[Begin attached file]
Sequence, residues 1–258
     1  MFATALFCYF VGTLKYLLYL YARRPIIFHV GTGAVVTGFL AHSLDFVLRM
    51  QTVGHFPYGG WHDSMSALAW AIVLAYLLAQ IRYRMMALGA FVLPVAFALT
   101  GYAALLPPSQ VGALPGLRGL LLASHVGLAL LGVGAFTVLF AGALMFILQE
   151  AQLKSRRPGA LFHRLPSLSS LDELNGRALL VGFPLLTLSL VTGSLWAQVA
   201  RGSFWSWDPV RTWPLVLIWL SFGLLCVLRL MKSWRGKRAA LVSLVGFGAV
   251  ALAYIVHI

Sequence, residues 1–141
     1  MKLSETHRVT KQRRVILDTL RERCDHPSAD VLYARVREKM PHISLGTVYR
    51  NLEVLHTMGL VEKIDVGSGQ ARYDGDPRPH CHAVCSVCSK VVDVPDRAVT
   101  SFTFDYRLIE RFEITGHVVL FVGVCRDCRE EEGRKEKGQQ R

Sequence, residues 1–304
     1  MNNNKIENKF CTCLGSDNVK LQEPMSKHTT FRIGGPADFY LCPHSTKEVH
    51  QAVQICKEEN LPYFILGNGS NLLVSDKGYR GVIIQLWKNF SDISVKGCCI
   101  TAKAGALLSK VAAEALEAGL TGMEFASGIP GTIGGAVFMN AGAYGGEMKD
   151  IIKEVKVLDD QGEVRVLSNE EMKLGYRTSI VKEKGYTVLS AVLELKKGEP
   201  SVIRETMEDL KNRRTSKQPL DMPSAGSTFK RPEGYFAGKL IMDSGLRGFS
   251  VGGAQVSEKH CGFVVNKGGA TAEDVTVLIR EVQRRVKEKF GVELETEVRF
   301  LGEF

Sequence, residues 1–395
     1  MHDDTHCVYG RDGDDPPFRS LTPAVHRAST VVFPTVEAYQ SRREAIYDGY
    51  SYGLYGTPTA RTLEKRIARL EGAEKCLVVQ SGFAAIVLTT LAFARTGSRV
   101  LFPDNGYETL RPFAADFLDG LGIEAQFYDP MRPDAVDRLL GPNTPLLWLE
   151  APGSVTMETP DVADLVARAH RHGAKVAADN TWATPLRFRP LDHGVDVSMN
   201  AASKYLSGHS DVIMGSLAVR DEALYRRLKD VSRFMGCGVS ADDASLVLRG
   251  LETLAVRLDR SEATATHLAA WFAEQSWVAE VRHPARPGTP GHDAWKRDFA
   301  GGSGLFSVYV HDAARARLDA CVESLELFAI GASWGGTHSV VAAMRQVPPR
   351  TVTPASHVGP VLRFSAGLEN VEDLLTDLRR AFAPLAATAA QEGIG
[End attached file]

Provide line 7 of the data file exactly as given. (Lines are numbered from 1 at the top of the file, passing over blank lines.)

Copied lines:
   251  ALAYIVHI